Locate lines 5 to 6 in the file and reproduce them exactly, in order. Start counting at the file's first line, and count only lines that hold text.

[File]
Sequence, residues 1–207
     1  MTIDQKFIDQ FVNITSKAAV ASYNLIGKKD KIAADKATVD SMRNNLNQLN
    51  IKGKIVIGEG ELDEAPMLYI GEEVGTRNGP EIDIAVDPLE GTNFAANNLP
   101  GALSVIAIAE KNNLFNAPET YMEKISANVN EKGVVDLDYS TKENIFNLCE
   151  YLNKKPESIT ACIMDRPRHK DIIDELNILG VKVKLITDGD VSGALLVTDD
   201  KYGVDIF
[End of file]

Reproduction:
   151  YLNKKPESIT ACIMDRPRHK DIIDELNILG VKVKLITDGD VSGALLVTDD
   201  KYGVDIF